Those who had received iron-fortified formula scored significantly lower than the non-fortified group on the spatial memory and visual-motor integration tests. Moreover, their performance on the other tests also tended to be worse, although these didn’t reach statistical significance.

There was no difference in iron level between these two groups (at age 10), and only one child had iron-deficiency anemia.

The crucial point, it seems, lies in the extent to which the infants needed additional iron. Children who had high iron levels at 6 months (5.5%, i.e. 26 infants) had lower scores at 10 years if they had received the iron-fortified formula, but those with low 6-month iron levels (18.4%; 87 infants) had higher scores at 10 years.

Further research is needed to confirm these findings, but the findings are not inconsistent with the idea that iron overload promotes neurodegenerative diseases.

In another longitudinal study, brain scans have revealed that teenage iron levels are associated with white matter fiber integrity.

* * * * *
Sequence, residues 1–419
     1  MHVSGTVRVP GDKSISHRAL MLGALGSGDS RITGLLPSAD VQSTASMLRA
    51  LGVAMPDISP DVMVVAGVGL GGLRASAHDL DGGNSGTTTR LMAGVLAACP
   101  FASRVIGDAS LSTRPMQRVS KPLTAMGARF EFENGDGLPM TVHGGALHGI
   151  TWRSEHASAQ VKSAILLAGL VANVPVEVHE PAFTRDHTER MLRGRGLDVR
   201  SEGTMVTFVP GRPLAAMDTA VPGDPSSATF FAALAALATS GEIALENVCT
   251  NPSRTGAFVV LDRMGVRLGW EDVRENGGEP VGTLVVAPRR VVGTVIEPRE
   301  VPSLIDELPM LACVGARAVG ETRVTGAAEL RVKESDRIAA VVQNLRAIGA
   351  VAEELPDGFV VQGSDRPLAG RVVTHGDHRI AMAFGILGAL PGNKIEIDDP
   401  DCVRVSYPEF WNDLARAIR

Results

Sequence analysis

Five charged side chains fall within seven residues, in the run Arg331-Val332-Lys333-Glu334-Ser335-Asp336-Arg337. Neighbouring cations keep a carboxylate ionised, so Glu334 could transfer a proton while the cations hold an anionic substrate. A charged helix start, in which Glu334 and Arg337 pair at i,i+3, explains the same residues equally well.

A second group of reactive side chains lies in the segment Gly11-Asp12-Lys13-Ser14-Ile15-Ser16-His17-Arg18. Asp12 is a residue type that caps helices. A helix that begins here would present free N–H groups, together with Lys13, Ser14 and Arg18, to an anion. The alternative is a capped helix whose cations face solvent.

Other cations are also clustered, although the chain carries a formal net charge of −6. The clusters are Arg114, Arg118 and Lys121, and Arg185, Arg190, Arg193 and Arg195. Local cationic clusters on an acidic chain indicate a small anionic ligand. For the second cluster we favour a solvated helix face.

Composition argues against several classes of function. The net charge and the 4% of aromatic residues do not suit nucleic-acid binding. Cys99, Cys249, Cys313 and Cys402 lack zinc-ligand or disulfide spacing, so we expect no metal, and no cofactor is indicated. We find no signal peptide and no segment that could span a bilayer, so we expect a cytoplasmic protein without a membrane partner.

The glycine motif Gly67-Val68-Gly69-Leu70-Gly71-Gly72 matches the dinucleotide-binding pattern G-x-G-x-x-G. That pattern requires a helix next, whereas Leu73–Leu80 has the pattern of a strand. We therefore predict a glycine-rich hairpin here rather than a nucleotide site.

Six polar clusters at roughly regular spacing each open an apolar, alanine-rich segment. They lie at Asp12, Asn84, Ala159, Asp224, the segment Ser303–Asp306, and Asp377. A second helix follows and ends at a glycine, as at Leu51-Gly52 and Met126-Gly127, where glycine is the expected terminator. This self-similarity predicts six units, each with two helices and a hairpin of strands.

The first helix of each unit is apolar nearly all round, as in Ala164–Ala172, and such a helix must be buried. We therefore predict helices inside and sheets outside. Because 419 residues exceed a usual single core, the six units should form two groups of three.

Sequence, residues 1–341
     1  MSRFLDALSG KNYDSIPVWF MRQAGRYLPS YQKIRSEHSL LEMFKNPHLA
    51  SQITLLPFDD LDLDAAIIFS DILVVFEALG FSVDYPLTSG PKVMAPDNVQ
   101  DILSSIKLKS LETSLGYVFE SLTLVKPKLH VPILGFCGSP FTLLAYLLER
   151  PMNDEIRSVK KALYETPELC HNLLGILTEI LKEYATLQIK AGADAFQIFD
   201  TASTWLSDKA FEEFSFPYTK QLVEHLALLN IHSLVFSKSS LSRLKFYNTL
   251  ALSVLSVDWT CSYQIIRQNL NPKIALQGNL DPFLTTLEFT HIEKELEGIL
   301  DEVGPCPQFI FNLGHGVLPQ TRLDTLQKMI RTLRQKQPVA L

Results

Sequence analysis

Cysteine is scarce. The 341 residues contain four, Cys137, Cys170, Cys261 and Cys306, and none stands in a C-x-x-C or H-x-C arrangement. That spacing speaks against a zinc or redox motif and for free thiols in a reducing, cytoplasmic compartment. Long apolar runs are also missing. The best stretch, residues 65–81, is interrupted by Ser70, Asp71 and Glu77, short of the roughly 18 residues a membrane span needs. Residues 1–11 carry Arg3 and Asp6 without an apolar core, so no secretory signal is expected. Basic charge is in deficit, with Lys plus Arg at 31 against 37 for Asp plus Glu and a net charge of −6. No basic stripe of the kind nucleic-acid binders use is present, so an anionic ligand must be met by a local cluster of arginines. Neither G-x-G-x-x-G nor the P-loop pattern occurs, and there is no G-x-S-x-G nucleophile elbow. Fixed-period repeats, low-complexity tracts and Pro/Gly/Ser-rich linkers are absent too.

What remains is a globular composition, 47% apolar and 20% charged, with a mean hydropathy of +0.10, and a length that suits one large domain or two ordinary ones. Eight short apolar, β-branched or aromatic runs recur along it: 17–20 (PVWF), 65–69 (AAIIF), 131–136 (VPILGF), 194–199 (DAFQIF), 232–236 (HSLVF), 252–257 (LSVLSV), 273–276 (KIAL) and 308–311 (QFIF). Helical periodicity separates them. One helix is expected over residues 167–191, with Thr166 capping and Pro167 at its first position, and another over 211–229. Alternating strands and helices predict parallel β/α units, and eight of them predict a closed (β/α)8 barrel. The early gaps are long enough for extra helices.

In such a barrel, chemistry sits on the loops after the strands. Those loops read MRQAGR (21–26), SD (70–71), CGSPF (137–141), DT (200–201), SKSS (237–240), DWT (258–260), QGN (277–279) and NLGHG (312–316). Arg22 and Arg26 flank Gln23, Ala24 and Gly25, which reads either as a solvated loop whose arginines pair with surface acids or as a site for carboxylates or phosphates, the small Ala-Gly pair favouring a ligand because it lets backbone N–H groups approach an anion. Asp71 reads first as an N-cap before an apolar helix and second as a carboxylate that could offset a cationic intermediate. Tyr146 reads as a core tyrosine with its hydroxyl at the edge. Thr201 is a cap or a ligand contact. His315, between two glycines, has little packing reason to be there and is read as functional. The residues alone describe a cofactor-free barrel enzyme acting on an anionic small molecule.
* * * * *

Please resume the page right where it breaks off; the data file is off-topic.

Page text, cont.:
The study first measured iron levels in 615 adolescent twins and siblings, and then scanned their brains when they were in their early twenties. Myelin (white matter) contains a lot of iron, so the strong correlation between teenage iron level and white matter integrity in young adulthood is not unexpected.

The correlation was stronger between identical twins that non-identical twins, suggesting a genetic contribution. Again, not unexpected — the transport of iron around the body is affected by several genes. One particular gene variant, in a gene that governs cellular absorption of transferrin-bound iron, was associated with both high iron levels and improved white matter integrity. This gene variant is found in about 12-15% of Caucasians.